Electricity is primarily transmitted from utility companies to homes and business by alternating current (AC), an efficient way for electricity to travel long distances. Some of our smaller devices though, like the ones AGU staff use at work each day – laptops, computer monitors, printers, phone chargers – run on direct current (DC). The conversion of energy from AC to DC requires a converter at the end of the electrical cord to bring the voltage down, which accounts for an energy efficiency loss of nearly 20 percent. The project team knew that this typical process would disrupt efforts for the pursuit of net zero. By installing 2-by-2 direct current (DC) electrified grid technology in the ceiling of the renovated headquarters, the conversion process will be obsolete – making the building more energy efficient and use DC power generated by the PV solar array on the penthouse.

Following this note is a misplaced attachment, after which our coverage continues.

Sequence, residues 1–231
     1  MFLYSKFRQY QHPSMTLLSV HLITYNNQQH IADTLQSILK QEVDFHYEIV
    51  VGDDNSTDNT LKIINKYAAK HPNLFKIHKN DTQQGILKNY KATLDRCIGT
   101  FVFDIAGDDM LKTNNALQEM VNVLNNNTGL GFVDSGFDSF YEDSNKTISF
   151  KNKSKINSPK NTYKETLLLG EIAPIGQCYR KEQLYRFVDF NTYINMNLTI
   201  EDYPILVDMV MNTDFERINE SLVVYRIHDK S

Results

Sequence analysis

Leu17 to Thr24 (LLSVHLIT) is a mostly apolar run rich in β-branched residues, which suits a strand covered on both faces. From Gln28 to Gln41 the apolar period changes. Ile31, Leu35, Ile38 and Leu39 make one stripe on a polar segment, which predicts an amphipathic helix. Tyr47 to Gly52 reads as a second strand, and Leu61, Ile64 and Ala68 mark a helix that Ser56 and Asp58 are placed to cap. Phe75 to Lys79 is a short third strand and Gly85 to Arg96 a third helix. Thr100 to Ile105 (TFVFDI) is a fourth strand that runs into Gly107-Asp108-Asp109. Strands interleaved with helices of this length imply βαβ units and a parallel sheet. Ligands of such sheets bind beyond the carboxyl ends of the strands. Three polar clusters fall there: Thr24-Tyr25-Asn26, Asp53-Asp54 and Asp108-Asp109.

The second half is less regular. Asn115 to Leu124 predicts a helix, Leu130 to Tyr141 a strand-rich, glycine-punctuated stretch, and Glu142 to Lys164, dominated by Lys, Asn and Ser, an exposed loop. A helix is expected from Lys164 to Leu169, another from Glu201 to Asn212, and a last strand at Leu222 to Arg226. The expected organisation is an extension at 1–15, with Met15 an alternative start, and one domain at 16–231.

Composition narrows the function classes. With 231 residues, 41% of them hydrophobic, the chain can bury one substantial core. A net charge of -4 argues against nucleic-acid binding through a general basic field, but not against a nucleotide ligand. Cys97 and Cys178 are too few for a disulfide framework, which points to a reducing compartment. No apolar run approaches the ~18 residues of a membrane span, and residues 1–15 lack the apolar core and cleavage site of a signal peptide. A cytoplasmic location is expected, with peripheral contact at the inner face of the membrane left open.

The project team is installing Nextek DC electrified grids, and recently made a trip to the Nextek plant in Detroit, MI to hear more about the technology, and, for some members of the team, see the product for the first time.
The project team’s own Roger Frechette, Interface Engineering Managing Principal, recently sat down with us to explain how the building will use the DC electricity directly: